Hughes footnotes the section, but suggests again that Milton is referring to the myth of Atlas as relayed by Spenser. Hughes here ignores a rather clear reference between Milton’s work – a rare and profitable critical insight. In Eikonoklastes, a critical text for any who wish to understand the way Milton constructs Satan’s character, Milton refers twice to “pillars” in the context of being covered in the gold of fabricated zeal. The concept of fabrication is key, as on the very same line Milton uses the concept of an engraving – an undeniably artificial metaphor. What’s more, what is graven on Satan’s face is taken directly from Eikonoklastes.

These were not some miscarriages onely of Goverment, which might escape, but a universal distemper and reducement of law to arbitrary power; not through the evil counsels ofsome men, but through the constant cours & practice of all that were in highest favour: whose worst actions frequently avowing he took upon himself; and what faults did not yet seem in public to be originally his, such care he took by professing, and proclaiming op’nly (emphasis is mine), as made them all at length his own adopted sins. The persons also when he could no longer protect, he esteem’d and favour’d to the end; but never, otherwise then by constraint, yeilded any of them to due punishment; thereby manifesting that what they did was by his own Autority and approbation (4)

Clearly, the insights from Eikonoklastes, something written by Milton himself, are critical to understanding the nature of the artifice Milton is describing here. It is not merely an artifice as can be discerned by reading what is objectively happening, it is an artifice based specifically in kingly lucre and pomp. In such a rendering, this section becomes central in understanding Satan as the catalyst in the demonic councils’ evil. Just like Charles I, Satan is making through open proclamations his sins the sins of everyone present. These insights are judged as less important than a Spenserian reference to classical myth.

Such an interpretive move has impacts beyond its point of origin. In Book III, compassion “appears” on Jesus’ face in a direct comparison to the graven care of Satan. The latter suggests an active display while the former is of a divine nature. Where Satan is a “pillar of state,” an image Milton previously in his career associated with gold, Jesus rises from no throne and engraves nothing but what is of his true nature. It is fairly important to realize that Satan is associated promptly with material wealth, falseness, and idolatry as well as the classical and Spenserian characters Hughes is keen to highlight. That is what is at the heart of Paradise Lost, the synthesis between classical and worldly failings and the hopeful look towards something new with “providence” as our guide.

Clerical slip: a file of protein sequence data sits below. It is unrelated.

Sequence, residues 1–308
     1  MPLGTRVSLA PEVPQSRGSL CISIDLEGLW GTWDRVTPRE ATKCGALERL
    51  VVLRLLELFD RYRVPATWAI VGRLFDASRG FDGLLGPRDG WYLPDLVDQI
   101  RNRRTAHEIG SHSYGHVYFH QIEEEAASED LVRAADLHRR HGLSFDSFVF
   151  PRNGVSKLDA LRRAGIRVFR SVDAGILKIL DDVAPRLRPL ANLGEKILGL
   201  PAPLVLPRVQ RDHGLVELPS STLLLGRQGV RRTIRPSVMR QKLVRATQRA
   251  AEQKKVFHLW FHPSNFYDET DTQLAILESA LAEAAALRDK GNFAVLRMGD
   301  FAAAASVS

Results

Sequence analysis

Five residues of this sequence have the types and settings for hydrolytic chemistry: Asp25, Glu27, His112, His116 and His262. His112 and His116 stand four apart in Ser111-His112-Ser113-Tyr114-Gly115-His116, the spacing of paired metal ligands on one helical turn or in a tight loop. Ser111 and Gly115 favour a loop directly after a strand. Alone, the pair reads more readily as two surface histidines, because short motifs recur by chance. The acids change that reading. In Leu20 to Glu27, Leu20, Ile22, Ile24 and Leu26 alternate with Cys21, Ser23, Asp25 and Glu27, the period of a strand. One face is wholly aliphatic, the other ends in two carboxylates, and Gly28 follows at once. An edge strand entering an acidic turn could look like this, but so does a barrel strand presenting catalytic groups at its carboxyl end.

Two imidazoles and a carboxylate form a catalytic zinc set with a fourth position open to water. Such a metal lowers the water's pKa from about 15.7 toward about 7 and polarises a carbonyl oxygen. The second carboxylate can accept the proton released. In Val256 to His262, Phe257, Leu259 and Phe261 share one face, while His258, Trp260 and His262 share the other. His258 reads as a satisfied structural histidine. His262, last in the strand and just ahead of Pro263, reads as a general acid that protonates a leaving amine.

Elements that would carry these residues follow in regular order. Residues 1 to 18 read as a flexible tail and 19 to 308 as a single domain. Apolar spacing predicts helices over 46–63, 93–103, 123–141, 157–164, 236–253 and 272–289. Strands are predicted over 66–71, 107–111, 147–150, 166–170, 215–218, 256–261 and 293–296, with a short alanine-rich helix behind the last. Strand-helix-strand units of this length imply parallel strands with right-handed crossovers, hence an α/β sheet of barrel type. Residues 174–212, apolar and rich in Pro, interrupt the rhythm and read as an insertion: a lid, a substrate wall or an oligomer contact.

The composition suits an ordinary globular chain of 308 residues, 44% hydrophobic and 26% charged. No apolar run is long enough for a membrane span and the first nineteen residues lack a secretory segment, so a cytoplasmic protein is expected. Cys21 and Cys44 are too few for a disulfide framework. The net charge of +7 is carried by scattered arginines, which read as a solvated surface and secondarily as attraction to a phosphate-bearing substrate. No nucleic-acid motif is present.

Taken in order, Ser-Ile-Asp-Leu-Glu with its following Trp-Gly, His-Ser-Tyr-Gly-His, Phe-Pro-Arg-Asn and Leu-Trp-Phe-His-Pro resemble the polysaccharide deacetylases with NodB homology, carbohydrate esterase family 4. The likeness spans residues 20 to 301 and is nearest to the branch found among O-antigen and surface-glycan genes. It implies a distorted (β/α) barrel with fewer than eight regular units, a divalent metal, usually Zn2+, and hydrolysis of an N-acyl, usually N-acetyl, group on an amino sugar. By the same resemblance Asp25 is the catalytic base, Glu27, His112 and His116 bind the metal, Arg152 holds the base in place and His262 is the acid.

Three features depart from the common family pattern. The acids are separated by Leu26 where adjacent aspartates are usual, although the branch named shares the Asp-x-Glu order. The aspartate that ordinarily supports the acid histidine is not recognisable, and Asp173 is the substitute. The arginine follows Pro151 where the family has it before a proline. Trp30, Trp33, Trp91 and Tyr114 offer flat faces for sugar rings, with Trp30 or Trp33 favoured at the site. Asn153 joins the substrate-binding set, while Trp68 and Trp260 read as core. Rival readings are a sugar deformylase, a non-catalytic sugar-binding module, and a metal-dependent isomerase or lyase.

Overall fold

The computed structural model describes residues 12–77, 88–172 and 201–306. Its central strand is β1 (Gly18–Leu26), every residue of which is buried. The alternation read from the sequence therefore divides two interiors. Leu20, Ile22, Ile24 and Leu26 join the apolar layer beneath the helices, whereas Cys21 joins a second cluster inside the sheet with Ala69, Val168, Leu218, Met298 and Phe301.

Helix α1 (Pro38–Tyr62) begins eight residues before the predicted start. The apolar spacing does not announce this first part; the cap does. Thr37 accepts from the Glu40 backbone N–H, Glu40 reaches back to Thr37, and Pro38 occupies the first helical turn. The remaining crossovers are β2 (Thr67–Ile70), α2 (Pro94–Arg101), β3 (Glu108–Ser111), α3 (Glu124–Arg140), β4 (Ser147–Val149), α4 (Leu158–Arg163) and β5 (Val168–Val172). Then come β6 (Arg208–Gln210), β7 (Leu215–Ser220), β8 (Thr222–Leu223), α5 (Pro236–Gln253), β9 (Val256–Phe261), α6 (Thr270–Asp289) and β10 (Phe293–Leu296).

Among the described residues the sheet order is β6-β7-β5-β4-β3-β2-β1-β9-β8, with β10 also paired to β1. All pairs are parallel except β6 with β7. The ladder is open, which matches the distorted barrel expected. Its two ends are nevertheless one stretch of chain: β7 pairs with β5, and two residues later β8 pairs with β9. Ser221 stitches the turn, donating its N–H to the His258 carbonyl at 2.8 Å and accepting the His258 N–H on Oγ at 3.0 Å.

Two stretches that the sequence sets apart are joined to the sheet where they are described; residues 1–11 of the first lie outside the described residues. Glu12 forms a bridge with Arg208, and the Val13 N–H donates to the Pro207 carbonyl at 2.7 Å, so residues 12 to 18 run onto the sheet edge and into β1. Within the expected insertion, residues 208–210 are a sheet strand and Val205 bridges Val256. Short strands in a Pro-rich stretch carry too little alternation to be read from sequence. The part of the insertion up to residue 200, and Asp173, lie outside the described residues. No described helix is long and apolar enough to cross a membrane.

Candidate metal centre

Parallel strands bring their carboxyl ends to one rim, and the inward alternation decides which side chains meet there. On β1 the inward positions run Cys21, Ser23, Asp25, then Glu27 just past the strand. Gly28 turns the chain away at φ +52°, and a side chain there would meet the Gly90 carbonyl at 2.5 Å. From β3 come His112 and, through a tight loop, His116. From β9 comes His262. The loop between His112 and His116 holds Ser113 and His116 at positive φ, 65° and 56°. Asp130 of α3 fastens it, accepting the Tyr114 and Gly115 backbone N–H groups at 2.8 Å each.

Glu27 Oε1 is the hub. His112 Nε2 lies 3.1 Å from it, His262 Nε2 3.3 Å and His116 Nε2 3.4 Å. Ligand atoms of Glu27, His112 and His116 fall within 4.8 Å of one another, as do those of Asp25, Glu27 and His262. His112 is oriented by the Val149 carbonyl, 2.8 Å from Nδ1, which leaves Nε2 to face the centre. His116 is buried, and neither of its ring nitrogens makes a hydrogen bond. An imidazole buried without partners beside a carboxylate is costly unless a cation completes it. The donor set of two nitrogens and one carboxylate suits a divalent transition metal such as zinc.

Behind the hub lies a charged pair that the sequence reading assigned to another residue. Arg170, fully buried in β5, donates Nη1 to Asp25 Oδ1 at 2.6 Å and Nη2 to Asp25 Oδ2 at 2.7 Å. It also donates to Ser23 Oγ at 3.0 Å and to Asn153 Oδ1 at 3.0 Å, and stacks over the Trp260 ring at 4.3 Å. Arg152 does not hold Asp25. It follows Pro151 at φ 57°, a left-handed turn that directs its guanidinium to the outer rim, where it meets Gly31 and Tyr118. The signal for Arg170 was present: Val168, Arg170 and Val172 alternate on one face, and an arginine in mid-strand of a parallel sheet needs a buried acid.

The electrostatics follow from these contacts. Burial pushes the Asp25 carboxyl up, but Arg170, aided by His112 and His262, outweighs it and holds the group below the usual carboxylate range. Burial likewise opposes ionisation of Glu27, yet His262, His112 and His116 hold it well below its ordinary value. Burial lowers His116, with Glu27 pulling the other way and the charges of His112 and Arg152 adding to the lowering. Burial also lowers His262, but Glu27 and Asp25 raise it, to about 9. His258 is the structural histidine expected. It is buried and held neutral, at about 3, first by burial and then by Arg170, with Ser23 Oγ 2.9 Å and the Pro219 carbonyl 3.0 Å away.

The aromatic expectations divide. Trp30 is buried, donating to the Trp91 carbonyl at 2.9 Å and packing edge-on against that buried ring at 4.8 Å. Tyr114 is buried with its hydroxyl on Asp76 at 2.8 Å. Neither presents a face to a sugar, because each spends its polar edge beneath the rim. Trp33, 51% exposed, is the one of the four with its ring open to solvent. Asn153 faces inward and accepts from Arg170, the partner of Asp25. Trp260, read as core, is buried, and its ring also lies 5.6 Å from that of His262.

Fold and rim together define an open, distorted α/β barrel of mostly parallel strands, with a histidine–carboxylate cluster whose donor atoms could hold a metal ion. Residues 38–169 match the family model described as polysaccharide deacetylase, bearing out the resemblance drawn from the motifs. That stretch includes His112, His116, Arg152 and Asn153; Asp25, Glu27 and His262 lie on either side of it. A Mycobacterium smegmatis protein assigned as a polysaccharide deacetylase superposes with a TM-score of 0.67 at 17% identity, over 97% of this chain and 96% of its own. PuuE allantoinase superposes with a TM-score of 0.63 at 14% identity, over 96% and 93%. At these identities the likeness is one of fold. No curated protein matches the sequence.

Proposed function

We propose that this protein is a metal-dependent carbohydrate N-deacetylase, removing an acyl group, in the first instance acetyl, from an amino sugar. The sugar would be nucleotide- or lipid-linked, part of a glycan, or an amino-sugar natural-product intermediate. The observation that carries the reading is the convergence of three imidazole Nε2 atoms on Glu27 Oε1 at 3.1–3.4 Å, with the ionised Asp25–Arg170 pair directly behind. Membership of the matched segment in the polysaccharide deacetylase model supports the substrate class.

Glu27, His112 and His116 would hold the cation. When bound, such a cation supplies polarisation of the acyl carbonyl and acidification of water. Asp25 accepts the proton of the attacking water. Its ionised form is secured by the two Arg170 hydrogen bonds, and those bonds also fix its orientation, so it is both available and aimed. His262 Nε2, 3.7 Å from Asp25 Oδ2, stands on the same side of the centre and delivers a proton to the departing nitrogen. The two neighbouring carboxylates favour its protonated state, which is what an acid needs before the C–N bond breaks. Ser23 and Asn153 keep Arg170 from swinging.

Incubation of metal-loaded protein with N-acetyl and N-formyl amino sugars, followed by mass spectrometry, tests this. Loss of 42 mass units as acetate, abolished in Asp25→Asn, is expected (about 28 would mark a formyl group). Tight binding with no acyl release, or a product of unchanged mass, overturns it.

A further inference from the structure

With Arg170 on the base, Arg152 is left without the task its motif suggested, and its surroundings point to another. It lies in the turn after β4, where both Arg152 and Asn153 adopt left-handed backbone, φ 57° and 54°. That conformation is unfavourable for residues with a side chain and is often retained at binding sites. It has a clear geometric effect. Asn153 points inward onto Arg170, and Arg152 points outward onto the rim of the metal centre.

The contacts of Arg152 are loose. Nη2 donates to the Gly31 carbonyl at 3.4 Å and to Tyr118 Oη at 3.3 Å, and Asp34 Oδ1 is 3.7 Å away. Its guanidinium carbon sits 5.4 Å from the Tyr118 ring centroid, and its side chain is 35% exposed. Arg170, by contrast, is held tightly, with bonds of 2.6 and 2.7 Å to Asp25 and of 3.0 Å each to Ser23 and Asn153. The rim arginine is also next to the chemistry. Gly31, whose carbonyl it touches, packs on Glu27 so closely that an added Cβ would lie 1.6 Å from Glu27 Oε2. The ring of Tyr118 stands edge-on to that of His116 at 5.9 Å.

The Hughes edition, as I alluded to at the beginning of this piece, has a special place in my heart and it is in many ways a very effective edition for a certain kind of reading of Paradise Lost. Yet, as I have endeavored to show here, critics as well as students need to be aware of the fact that editions and all the paratextual information they hold are not inert. Editions, especially for undergraduates reading texts with substantial and occasionally cryptic (to the modern reader) allusions, are key in the construction of literary meaning. The Hughes edition of Milton’s epic offers a lot of information for the potentially ignorant, yet it ignores other rather obvious insights from the world of Milton’s politics. This is fundamentally an interpretive move, and must be understood as such in order to accurately understand texts as something to be interpreted and not merely understood. Reading texts like Paradise Lost should be considered as walking from Eden with a guide of editorial providence and a myriad of choices to make, yet it is too often portrayed as the great satanic lie – that one item holds the key to everlasting knowledge.


(1) Jerome McGann highlights this dynamic with skill in his book The Textual Condition, which I recommend to anyone interested in the editorial shadow cast on literary criticism.
(2) Milton, Areopagitica
(3) Or even read the “About” page



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Filed under Editing, Footnotes, Historiography, Hughes Milton, Jerome McGann, Merrit Hughes, Milton, Paradise Lost